We were deeply concerned about the consequences of the Trump administration’s “Zero Tolerance” policy targeting asylum seekers and other migrants.  The Department of Homeland Security reported that 2,342 children had been separated from adults between May 5 to June 9. Many psychologists and health professionals condemned the separation and detention of children as a traumatic, emotionally damaging experience that could cause them “irreparable harm.” We were mindful, too, that nearly 100 South Asian asylum seekers were being detained in Oregon.

Motivated by what we saw as a gross abuse of political power, and inspired by the mass action taking place across the country, we decided to support fundraising for the Refugee and Immigrant Center for Education and Legal Services. RAICES is one of the largest immigrant rights nonprofits in Texas that has been supporting immigrants and their families in securing legal representation, translation services, and other services. Almost overnight, a Facebook campaign had raised more than $20 million for the organization.

I remember wanting to donate but feeling helpless because I could not afford more than $5.00 from my own pocket. From the ubiquity of Facebook posts and conversations that were happening around the issue, I realized that many felt the same way. Unaware of any other effort to mobilize contributions from the Cornell community, six of us—Tarannum Sarwat Sahar ’20, Rose Ippolito ’20, Lizzie Lee ’19, Jaylexia Clark ’19, Anuush Vejalla ’20, and myself—got to work with three ideas in mind.

First, we wanted to multiply the amount of money we could have donated on our own. We also wanted to engage people on the family separation issue face to face. Lastly, we wanted to restore our own faith that positive and swift action could be taken by college students against injustices, even during a time of year when we are “on break.”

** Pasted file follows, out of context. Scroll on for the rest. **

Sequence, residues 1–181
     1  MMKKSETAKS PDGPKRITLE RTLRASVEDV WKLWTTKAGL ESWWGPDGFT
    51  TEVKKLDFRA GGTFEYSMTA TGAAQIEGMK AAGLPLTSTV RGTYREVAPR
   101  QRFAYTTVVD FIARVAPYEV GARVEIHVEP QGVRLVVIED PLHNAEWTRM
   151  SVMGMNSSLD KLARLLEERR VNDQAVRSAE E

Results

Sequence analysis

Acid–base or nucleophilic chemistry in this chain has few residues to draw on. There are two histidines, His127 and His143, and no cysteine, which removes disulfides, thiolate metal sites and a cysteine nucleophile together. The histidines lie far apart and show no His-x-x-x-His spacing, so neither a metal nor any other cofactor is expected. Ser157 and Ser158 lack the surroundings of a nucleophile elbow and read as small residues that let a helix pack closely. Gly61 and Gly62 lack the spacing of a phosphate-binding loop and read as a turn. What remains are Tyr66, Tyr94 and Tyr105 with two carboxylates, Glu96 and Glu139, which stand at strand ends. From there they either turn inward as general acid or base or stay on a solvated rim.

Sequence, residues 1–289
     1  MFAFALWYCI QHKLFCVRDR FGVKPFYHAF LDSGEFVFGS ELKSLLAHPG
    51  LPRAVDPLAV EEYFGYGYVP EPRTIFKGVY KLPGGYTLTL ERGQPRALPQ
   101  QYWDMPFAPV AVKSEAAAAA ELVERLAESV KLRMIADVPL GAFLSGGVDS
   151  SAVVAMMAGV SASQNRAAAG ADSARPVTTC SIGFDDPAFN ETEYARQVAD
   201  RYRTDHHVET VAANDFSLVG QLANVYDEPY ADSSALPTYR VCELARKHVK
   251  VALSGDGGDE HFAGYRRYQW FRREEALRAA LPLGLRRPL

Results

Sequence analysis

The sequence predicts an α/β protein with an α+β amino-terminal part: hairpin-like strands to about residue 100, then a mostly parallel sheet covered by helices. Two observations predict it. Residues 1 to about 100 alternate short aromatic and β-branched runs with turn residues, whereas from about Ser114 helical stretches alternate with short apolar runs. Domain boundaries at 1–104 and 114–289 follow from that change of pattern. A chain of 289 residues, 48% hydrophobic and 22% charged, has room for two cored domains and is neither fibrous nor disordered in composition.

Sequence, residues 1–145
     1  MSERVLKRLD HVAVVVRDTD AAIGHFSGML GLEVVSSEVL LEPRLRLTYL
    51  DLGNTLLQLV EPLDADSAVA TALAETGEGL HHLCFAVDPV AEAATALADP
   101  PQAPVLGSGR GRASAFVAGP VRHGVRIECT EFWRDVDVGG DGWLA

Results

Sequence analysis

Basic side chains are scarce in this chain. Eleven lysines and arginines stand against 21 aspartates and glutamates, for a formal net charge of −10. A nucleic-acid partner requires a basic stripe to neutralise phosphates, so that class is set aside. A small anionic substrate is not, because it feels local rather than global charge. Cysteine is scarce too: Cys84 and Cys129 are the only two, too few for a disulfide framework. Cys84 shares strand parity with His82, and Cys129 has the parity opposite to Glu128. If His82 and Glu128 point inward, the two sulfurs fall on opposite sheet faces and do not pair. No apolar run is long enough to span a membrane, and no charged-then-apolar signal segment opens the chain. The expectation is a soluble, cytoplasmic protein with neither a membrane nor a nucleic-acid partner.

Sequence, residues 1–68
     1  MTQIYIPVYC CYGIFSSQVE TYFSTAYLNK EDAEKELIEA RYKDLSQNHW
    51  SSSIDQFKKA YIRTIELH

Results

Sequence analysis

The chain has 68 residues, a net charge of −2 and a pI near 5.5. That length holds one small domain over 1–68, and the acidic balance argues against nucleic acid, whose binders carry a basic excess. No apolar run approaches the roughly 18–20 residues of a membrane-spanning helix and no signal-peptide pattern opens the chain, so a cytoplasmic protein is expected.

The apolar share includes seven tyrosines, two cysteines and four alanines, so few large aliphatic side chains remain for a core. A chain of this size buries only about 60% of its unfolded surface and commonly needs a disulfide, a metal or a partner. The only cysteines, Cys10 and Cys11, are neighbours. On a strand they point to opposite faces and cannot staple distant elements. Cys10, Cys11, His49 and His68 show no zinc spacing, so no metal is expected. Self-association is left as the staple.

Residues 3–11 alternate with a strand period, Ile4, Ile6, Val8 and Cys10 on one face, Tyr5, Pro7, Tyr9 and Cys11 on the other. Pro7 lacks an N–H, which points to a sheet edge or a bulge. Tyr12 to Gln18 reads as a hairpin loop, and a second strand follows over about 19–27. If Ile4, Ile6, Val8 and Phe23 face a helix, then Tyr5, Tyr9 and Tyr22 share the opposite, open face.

We figured we wouldn’t raise a huge amount—we would be content with even $200. On June 26, we began a week of tabling at the bus stop in front of the Schwartz Center for the Performing Arts. We had to cancel two of the days due to the weather, but were overjoyed to have raised almost $560 by the weekend. We were excited by the prospect of reaching $750—half of the $1,500 minimum needed to pay the bond for a detained migrant at the border.

Suddenly, we experienced a dispiriting misfortune—during our Saturday shift, an individual stole the entire contents of the cash box, taking off with most of the donations we had received at that point.

The blow was difficult to bear in the moment. June 30 happened to be the date when thousands of people in Ithaca and across the United States were marching and protesting the Zero Tolerance policy and family separation. So we took to our online networks and began to spread the tale of our predicament to our friends in every corner of the country, and even to the friends who were abroad for the summer. Within 20 minutes, I saw my personal Venmo account jump by nearly $100.

Our donations surged past $500 just a few hours later. It was utterly surreal. Over the next 24 hours, money continued to arrive, in $20, $10, and $5 increments—and even one 87-cent donation. By Sunday afternoon, we crossed the $1,000 mark with more donations pouring in.

For us, this became a story of a community coming together—people rallying around the immigration issue, and also friends responding to our SOS. It was incredible to see our friends (and also people we didn’t know!) contributing their support so quickly and generously.

We are extraordinarily grateful for the kindness and goodness of those around us. We know that in the end, this goodness will always drown out the negative actions of others. We are extremely thankful for every single donor, every single volunteer, and every single person who has taken interest in our fundraising effort.